- Opening of the Städel Museum expansion: a museum as “green building”
The “Gartenhallen” (garden halls), a new expansion to contain the modern art collection of the Städel Museum, opened to the public in February after two years of work, finally providing adequate space for the museum’s vast collections.
What is unusual about this project by Schneider+Schumann architects of Frankfurt is its underground volume which is nonetheless full of natural light. The interior of the underground hall has a sinuous ceiling with a flexible configuration resting on 12 pillars, and receives natural light through 195 round skylights varying in diameter from 1.5 metres to 2.5 metres. The windows form a design on the land at elevation 0.00, on the same level as the garden, and the green dome makes them a key element in the architectural composition of the complex. The garden, with its strong identity, binds architecture and nature and offers a place for relaxation, events and sculpture exhibitions.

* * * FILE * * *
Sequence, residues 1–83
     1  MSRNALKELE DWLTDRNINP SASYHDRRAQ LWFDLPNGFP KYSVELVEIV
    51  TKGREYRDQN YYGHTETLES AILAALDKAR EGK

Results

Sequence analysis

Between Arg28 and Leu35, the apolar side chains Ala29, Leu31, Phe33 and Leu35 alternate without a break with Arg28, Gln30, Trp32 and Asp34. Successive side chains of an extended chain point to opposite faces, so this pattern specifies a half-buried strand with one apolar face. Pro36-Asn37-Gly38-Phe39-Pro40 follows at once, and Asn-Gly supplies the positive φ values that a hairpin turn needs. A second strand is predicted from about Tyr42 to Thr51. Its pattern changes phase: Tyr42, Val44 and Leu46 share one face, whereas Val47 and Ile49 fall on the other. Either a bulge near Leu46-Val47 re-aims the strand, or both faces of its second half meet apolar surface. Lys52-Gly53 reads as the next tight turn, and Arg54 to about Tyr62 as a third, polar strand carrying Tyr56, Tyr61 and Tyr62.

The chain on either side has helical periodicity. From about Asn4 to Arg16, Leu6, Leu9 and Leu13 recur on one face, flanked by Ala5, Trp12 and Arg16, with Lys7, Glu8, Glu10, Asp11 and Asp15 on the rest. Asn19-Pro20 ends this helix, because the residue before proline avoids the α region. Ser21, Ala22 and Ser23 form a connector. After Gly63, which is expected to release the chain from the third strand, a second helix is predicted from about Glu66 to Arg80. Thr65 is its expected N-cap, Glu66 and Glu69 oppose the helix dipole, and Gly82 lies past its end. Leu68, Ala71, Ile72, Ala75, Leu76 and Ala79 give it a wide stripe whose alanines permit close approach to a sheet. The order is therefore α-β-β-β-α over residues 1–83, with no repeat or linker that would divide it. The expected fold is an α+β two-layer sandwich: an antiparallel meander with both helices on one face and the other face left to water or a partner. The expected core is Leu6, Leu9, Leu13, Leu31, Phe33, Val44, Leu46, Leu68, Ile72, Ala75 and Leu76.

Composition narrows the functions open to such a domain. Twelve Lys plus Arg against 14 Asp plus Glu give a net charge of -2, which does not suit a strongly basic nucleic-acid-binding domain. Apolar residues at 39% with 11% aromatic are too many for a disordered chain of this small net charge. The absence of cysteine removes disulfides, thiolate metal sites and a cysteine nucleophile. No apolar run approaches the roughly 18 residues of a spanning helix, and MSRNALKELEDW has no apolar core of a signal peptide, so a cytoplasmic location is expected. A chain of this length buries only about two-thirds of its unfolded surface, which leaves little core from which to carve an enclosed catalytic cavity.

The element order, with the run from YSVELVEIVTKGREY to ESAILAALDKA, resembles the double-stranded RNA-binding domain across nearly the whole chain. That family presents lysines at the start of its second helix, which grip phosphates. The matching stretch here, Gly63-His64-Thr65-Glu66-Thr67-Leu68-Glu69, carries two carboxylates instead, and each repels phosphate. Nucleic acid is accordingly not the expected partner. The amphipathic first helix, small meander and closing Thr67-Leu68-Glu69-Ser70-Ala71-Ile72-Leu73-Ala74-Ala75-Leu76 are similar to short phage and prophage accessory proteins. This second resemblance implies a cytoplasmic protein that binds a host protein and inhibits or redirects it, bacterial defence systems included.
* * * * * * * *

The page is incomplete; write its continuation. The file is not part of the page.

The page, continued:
The project is not only green on the outside, but also stands out for its sustainable choices in the building’s overall energy management.Hot and cold air are produced using a low enthalpy geothermal system with a tank underground, used in combination with a heat pump. The building has underfloor heating, and cold air is distributed by an air conditioning system with highly efficient heat recovery.
The building’s compact underground shape is inherently energy-saving, for the great internal mass (a function of the hot/cold tank) creates an excellent indoor climate, reducing energy requirements and benefiting visitors' enjoyment of both the art and the environment.
Design: schneider+schumacher Architekten, www.schneider-schumacher.de
Client: Städelsches Kunstinstitut, www.staedelmuseum.de
Project supervision: Drees & Sommer GmbH
Structural design: B+G Ingenieure
Outdoor areas: Keller + Keller Landschaftsarchitekten
Location: Frankfurt, Germany
Photographs: Norbert Miguletz © Städel Museum, Frankfurt am Main